Thursday, March 20, 2008


Is a killer. I have that pain between my shoulderblades that just won't subside. No matter how many times I crack my back and neck, I cannot achieve total comfort. These symptoms are exaggerated while driving (which I do alot of). On average, about three times a week I get the opportunity to get in a workout. Since the frequency of the workouts is not ideal, I really hit it hard while I'm there. I've given lactic acidosis a whole new meaning. I've developed two "sure fire" ways to achieve release. Contrary to my wife's realm of understanding, one of my first purchases when we moved into our new house was a heavy bag. I chained it around a steel beam in the basement. Don't full yourself.... the bag will win everytime, but WOW do I feel better! If you are real daring (or fat) you may try the following. Get the treadmill rolling for 10 mins at 4 mph. Jump over on the elliptical for 20 (minimum level 7). Now rest 60 seconds and get a drink of water. Perform the first set of the first excersise of whatever body part you are working that day. Immediately after the set get back on the treadmill for 2.5 mins and perform set 2. Repeat. I do 3 excercises per body part (broken down by day - chest, shoulders, back, legs, arms). This way you are acheiving constant motion (takes me back to HS wrestling practice). Maintain intensity and you will get a heck of a workout and over an hour of cario! I've lost over 20 lbs. in 3 months utilizing these techniques. Back to the point. Nothing is a better stress releiver than a good workout. It also clears your mind and gives you a chance to put things into perspective. The only challenge is to get past the first week of these methods. After that the results speak for themselves. Keep me posted on your progress...

Friday, February 29, 2008

Recognizing Opportunity

Thoman Edison once said, "Opportunity is missed by most people because it is dressed in overalls and looks like work."

Over the course of my career I have on multiple occassions had to have discussions with employees that play on this theme. Each year that a new crop of young and ambitious graduates enters the workforce, it seems I have to have these discussions with more frequency. I've been able to categorize the behaviors into one of the following:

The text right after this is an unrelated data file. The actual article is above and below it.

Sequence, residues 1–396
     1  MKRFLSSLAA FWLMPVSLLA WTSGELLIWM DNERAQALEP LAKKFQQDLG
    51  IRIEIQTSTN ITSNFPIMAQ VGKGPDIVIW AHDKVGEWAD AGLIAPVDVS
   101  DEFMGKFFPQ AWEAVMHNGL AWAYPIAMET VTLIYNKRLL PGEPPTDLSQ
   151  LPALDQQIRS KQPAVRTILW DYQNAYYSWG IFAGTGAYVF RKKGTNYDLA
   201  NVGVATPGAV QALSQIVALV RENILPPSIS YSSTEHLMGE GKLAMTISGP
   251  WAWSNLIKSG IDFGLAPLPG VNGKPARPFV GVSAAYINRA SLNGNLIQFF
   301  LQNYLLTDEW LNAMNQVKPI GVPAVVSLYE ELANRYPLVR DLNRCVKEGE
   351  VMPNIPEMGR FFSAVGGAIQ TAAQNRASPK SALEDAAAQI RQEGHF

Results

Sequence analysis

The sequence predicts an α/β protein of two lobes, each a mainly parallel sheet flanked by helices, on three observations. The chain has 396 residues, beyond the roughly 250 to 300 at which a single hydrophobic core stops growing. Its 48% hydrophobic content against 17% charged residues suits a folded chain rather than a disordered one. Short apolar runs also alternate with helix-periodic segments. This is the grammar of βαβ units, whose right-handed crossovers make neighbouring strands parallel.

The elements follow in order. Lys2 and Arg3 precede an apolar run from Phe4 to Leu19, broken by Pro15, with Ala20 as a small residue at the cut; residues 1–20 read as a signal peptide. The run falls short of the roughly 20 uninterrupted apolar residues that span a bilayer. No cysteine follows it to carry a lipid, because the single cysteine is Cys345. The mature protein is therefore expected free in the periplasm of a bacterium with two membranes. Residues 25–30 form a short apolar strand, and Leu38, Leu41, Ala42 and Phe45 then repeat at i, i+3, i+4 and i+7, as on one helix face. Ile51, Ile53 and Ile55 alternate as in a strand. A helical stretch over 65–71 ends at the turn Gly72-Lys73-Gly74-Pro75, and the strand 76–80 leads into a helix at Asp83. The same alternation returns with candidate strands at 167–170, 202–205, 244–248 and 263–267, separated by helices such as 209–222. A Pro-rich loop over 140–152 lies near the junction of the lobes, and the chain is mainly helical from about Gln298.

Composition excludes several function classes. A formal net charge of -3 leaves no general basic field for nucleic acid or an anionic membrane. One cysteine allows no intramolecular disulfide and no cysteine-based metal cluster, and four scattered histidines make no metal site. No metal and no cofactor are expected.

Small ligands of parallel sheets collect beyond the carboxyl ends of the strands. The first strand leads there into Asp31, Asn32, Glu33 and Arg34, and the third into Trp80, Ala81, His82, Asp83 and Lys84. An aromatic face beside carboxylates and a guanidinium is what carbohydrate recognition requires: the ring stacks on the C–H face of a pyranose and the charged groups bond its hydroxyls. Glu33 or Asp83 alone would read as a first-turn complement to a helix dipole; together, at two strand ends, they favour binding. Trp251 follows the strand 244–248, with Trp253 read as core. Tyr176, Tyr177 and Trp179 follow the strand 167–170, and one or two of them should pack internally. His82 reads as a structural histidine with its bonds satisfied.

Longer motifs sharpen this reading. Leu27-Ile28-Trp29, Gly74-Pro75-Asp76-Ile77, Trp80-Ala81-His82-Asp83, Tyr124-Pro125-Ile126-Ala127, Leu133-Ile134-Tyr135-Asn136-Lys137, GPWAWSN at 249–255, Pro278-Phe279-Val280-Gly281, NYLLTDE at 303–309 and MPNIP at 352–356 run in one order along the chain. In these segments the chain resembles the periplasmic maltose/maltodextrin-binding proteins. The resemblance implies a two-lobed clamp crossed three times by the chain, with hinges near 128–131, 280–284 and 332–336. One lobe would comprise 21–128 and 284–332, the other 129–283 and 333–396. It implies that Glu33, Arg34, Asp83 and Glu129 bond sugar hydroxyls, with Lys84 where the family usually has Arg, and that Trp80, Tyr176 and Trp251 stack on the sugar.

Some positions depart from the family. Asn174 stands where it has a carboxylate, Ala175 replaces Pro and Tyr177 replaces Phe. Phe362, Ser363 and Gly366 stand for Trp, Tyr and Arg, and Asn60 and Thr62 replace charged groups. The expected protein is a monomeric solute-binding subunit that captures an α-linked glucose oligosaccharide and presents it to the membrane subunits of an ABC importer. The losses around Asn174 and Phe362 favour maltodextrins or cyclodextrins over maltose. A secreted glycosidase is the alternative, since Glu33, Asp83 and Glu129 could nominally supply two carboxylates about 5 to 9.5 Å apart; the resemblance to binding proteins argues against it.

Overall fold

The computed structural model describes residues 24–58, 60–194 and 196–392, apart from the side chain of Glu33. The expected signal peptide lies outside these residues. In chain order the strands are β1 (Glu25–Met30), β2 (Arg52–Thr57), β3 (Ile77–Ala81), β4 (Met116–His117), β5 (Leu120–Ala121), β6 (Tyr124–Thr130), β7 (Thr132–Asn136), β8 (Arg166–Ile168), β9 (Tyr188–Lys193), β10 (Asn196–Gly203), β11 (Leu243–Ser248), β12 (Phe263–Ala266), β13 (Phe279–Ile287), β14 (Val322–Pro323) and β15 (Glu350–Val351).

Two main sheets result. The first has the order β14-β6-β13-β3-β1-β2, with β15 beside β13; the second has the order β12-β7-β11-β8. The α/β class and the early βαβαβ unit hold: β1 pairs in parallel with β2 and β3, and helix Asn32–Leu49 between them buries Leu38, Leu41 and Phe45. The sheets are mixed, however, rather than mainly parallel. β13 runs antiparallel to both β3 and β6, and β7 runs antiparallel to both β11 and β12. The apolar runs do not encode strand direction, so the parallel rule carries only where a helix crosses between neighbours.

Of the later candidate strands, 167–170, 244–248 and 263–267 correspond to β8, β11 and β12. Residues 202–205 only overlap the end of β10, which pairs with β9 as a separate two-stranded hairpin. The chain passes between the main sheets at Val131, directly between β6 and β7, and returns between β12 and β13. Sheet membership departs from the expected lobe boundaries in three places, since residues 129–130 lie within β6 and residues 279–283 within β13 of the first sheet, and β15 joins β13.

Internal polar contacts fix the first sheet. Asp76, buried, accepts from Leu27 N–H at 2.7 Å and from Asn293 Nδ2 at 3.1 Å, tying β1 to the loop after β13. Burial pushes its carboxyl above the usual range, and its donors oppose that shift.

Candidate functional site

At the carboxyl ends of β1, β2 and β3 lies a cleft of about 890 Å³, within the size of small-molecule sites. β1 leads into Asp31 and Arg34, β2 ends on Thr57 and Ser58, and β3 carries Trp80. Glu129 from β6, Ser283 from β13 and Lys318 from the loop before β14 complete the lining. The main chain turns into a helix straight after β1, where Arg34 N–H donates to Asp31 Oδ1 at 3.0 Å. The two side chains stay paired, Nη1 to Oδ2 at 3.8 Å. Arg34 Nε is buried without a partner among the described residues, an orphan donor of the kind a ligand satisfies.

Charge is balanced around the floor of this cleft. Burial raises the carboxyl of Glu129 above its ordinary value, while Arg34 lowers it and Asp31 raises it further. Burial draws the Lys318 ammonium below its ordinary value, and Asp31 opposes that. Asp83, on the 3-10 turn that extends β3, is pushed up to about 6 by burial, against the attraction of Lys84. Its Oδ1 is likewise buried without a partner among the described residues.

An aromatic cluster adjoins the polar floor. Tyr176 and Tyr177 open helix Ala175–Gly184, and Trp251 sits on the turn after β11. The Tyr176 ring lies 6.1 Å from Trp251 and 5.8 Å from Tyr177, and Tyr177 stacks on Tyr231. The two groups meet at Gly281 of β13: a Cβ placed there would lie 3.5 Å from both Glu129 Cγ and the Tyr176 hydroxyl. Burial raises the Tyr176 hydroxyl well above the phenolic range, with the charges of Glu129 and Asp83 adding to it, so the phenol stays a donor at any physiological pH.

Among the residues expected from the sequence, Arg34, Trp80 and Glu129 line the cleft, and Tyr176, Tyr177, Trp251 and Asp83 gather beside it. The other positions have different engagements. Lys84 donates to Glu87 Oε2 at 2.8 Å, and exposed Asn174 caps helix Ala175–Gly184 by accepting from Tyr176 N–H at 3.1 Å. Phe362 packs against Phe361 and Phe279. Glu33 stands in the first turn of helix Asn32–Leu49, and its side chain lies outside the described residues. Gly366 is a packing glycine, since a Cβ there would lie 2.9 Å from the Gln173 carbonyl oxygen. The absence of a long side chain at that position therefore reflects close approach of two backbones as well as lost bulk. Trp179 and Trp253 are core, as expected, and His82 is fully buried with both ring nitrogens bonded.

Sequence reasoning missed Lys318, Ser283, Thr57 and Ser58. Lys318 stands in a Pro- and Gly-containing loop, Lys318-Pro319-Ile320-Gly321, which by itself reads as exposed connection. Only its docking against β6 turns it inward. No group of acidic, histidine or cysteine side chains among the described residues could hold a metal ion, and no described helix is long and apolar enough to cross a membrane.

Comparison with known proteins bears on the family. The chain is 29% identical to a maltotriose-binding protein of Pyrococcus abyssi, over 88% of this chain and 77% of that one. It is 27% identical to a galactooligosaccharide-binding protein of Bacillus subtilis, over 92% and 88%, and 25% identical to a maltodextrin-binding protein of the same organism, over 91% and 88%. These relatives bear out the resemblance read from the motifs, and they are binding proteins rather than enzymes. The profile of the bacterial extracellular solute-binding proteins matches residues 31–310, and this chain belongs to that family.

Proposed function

"Cart Before the Horse Syndrome" - Otherwise known as pay me more now and I'll accept more responsibility later. Those of you who share my beliefs probably find this absurd and almost laughable. If it weren't epidemic and completely frustrating, I'd laugh also. Where in the course of time did parents raise their children to believe that hard work is NOT the key to success? It seems that the current message form parents, teachers, and professors is that employees are entitled to be promoted before they earn the required experience and to question the policy and operational decisions of their superiors.

"Reversed Polarity Disorder" - Otherwise known as laziness. Laziness is a mind set and not a physical condition. My favorite stock speech for this condition includes the line, "if you spent half as much energy working as you do trying to avoid work you'd have my job by now". That usually gets their attention. Especially the ones concurrently afflicted with "Cart Before the Horse Syndrome". This condition has no known cure due to lack of motivation to achieve goals.

"The Leapfrog" - Otherwise known as "if I don't like the answer you give me (i.e. raise or promotion) then I'll just go over your head. This dreaded disease is a career killer. This will put you on the fast track to the unemployment line in any organization worth it's salt.

"Distorted Perception of Self" - Ever notice how some people just can't stop talking about how much they mean to the company? These people trip over themselves to point out what they do, which objectively examined is considered their JOB. Beware the employee with this trait because a case of "reversed polarity disorder" is lurking in the shadows.

There are more, but these are the most frequently diagnosed. I have some advice for anyone suffering from any of the above afflictions. Keep your eyes and ears open. Respect those with more experience than you and value the time spent with them as this will accelerate your learning curve. There is nothing wrong with having frank discussions regarding your position in the organization and the "plan" for you, but making demands will stunt your professional development. Above all else..... work hard and at every opportunity try to make your bosses job easier. Why? Because we didn't become bosses by not being able identify the behaviors listed above and WE are the people making the decisions that are for the greater good of the company... not each individual employed by the company.

Tuesday, February 26, 2008

Exterior Wall Framing: The 2X6 Advantage

An old friend who is in the planning phase of his new home asked me today about the advantages of framing exterior walls with 2X6 studs instead of the conventional 2X4 framing. Chris found the information informative and suggested posting the information that I conveyed to him. Much like anything that is considered an "upgrade" there is added expense. You can assume roughly $1 per square foot of additional wood costs, which include the studs, plates, and window jambs. So what is the advantage? Well, the 2X6 exterior wall framing creates a 5 1/2 inch pocket to install insulation over the traditional 3 1/2 inches. This roughly translates to achieving an R-19 rating over the traditional R-13. If you decide to go with 2X6's there are two things that I highly recommend to maximize the thermal efficiency of your home. First, a minimum 1" rigid insulation board should be applied between the stud wall and the exterior sheathing and you will approach an R-24 rating. Second, upgrade the blown-in attic insulation to an R-38 or higher as heat loss is greatest through insulated attic areas.